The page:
Any reason why `@discardableResult` can't be applied to closures?

Consider this code:

let f: () -> String = { "discardable" }

Compiling it produces result of call to function returning 'String' is unused warning.

Rewriting it as

let f: @discardableResult () -> String = { "discardable" }

is not allowed.

The use case is the dynamicMember API for bridging to a language where return results are absent most of the time, but are still expressed in Swift with .undefined enum case. This API returns a closure, which it would be great to mark as @discardableResult if it were possible.

Has this been considered before? If so, what are the downsides?


@Max_Desiatov interesting question. I've used callAsFunction to achieve this before but didn't really love it.

I think the biggest additional complexity would come from the additional conversions needed to make this a type attribute. Is there an implicit conversion from () -> Int to @discardableResult () -> Int? How about the other way around? Should the compiler warn on one or the other? How do you silence such a warning?

This can all be sidestepped by putting the @discardableResult on the let (or on a parameter) rather than on the type. That would be an almost trivial addition, but wouldn't handle your original motivating use case where you want it for a return value.


Yes, sure.

Makes sense to me to allow both implicitly.

I don't think there's a need to warn about the implicit conversion. @discardableResult by itself is explicit enough to signal user's intent. Additional warnings about conversions with this attribute would only make things more confusing, in my opinion.

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If there is another overload of the subscript that returns a (ConvertibleToJSValue...) -> Void, does Swift pick up the right one when the return value is ignored?

IMO it's not so much whether Jordan's questions are answerable for a specific use case as much as whether these answers make sense for everyone (or at least a large majority) of people who could want to add @discardableResult to a function type. I personally wouldn't know how to evaluate whether these are the right decisions without more projects stepping forward with related use cases.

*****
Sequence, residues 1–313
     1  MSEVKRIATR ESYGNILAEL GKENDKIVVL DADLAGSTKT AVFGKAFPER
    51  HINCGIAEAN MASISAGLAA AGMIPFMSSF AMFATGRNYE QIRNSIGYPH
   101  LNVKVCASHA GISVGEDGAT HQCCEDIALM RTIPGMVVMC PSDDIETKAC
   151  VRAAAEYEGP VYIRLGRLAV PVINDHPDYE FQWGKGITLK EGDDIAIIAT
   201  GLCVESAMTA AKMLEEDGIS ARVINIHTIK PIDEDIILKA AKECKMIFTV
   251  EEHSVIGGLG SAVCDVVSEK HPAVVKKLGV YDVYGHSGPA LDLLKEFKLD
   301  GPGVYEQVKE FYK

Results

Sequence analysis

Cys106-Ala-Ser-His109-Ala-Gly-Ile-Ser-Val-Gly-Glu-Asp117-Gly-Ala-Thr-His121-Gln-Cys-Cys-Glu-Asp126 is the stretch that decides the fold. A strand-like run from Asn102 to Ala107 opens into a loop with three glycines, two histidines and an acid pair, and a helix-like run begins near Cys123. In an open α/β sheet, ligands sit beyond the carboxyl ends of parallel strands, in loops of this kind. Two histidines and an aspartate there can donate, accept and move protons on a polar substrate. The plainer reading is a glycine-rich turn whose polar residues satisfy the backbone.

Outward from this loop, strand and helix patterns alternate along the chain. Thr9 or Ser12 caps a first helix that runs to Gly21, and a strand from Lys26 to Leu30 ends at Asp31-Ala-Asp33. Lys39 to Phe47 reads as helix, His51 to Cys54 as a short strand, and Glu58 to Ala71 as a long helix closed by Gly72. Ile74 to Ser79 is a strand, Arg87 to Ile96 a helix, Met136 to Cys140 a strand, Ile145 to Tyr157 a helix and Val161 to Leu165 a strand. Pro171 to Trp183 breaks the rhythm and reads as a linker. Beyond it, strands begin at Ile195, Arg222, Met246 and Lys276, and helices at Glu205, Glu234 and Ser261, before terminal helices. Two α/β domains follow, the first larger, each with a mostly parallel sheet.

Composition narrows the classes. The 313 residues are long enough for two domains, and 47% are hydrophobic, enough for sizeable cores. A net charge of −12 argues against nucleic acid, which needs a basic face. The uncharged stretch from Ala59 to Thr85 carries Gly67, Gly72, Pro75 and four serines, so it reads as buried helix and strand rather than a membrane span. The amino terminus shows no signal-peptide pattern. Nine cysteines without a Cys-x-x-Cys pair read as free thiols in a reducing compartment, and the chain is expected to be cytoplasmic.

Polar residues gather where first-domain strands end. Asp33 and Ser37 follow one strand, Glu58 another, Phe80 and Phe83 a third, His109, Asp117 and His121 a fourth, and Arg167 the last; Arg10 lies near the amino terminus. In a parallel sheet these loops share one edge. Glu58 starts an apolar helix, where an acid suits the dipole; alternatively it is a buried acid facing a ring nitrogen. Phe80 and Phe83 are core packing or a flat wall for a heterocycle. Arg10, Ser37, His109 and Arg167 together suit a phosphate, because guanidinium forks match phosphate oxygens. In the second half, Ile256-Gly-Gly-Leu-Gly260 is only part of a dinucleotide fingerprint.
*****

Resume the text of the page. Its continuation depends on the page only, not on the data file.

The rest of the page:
In what sense, then, is @discardableResult a type-level attribute under this scheme? Isn’t this indistinguishable in behavior from @discardableResult being an attribute of the binding?

An attribute on the binding is what makes sense with the limited example I gave in the original post. I'm looking for a broader behavior, where we have a function returning closures. I'd like results returned by such closures to be discardable:

enum JSValue {
  case string(String)
  // ...
  case undefined

// body of `closureFactory` made trivial for demonstration purposes
func closureFactory() -> (() -> JSValue) {
  { .undefined }

// next line triggers a warning about discarded result

// have to write it this way to avoid the warning
_ = closureFactory()()

With this example it is clear that what you want is a new type attribute as Jordan said. A declaration attribute won't help here, because it won't be seen outside of the function:

func closureFactory() -> (() -> JSValue) {
    @discardableResult func closure() -> JSValue { .undefined }
    return closure

// the next line still triggers a warning about discarded result
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Perhaps Max means that in the following simplified example:

func foo() -> Int { 0 }
@discardableResult func bar() -> Int { 0 }

let x = foo
x() // Warning: Result of call to function returning 'Int' is unused

let y = bar
y() // Warning: Result of call to function returning 'Int' is unused

if discardableResult is moved to the type attribute the warning for y() would disappear (which makes total sense to me). @Max_Desiatov, correct me if I got you wrong.